“The land of a thousand hills” – this statement is no exaggeration to the undulating landscape of Rwanda. The hills were also a welcoming sight for UNITAR’s pilot training on gender and climate change, organized in collaboration with the Gender Monitoring Office of Rwanda and CIFAL Kigali with support from the Ministry of Environment under the One UNITAR Gender initiative. The One UNITAR Gender promotes innovative learning solutions on women’s empowerment, building on extensive experiences and knowledge of all UNITAR divisions.
The training, held from 7 – 11 August 2023 at the CIFAL Kigali centre, aimed to build capacities of a mix of participants drawn from government institutions including the Gender Monitoring Office, Rwanda Environment Management Authority, Rwanda Standards Board, National Institute of Statistics, Rwanda Green Fund (FONERWA), Ministry of Environment, Rwanda Cooperation and civil society organizations including Action Aid and ADEPE. The focus of the training was on climate change and the interlinkage with gender equality and women’s empowerment. Climate change as a threat multiplier can deepen existing gender inequalities. Rwanda’s updated Nationally Determined Contribution (NDC) aims to “promote and encourage the mainstreaming of gender considerations in climate change issues” including the capturing and reporting of gender disaggregated data. Ensuring that institutions like the Gender Monitoring Office that are mandated with monitoring gender related commitments within Rwanda’s ratified policies across sectors have the capacity to not only understand climate change impacts and differentiated effects on people but also on how climate policies can be made gender-responsive – from policy design to monitoring and evaluation.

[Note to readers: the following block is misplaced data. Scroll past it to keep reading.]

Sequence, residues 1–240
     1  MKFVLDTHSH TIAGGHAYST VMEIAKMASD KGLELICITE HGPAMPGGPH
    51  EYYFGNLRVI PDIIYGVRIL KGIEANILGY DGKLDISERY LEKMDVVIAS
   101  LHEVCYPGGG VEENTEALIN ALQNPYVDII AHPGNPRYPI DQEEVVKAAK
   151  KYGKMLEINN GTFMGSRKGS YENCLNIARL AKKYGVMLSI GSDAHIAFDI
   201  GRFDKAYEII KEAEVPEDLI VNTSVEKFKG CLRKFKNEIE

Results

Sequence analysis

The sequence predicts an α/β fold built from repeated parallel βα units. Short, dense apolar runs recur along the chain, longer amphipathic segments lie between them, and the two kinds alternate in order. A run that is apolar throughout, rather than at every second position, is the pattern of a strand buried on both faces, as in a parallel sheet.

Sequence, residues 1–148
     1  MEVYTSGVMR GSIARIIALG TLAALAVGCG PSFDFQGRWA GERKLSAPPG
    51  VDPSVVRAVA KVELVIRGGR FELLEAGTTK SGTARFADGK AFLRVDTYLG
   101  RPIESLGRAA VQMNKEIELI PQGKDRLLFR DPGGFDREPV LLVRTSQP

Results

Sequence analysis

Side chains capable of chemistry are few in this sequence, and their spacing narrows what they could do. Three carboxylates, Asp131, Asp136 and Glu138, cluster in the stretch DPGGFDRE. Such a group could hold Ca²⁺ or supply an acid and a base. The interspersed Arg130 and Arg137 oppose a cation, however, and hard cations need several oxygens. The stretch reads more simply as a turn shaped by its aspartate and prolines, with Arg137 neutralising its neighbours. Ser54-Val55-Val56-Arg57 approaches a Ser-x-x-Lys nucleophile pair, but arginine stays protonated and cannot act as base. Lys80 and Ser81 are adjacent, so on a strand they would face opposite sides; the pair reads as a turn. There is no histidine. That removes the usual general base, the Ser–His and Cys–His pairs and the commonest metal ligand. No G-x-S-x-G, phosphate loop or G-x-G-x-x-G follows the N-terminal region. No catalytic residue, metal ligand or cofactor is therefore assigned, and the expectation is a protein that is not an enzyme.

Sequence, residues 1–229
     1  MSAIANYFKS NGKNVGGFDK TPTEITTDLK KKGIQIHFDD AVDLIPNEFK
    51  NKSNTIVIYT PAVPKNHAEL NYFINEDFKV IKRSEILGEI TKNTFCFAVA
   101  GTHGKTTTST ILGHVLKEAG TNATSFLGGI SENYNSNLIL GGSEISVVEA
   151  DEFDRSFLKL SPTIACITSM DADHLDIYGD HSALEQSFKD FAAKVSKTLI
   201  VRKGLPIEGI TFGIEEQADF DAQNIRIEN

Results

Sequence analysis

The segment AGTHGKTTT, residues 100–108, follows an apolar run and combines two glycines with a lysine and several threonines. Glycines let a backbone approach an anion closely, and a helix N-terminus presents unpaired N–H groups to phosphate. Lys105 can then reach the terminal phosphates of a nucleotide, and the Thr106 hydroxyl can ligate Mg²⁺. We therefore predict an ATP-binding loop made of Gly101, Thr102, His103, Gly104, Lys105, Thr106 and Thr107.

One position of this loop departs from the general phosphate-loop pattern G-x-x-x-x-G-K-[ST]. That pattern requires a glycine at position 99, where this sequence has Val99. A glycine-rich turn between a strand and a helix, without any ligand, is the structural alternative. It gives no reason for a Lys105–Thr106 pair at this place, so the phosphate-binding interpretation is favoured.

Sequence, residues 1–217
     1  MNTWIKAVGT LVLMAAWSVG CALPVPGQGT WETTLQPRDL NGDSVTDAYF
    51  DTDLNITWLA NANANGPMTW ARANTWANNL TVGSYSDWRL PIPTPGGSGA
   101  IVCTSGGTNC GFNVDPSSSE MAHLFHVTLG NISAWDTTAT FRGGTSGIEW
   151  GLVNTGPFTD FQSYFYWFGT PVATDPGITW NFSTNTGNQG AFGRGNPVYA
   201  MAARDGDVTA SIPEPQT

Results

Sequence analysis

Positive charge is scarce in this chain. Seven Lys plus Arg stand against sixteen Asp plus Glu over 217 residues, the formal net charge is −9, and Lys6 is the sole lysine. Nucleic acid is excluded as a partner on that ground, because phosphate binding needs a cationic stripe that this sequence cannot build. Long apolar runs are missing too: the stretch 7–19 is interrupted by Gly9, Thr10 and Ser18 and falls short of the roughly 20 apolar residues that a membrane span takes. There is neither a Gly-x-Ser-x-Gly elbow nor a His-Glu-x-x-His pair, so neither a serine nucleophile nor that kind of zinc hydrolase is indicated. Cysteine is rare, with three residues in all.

Rwanda is a leader in the African continent on advancing women’s participation in decision-making, with nearly two thirds of its parliamentary seats and 52 per cent of cabinet positions held by women. Women in Rwanda are also leading the charge when it comes to climate action, with examples from community-level champions to trailblazers at national and international levels. This training was a step towards enabling Rwanda’s climate policies to be gender-responsive and that a multi-institutional approach is taken towards their development, implementation, monitoring and evaluation. The end-goal is to ensure that climate policies speak to the realities of frontline communities and vulnerable groups and that Leaving No One Behind is not just a principle, but a practice.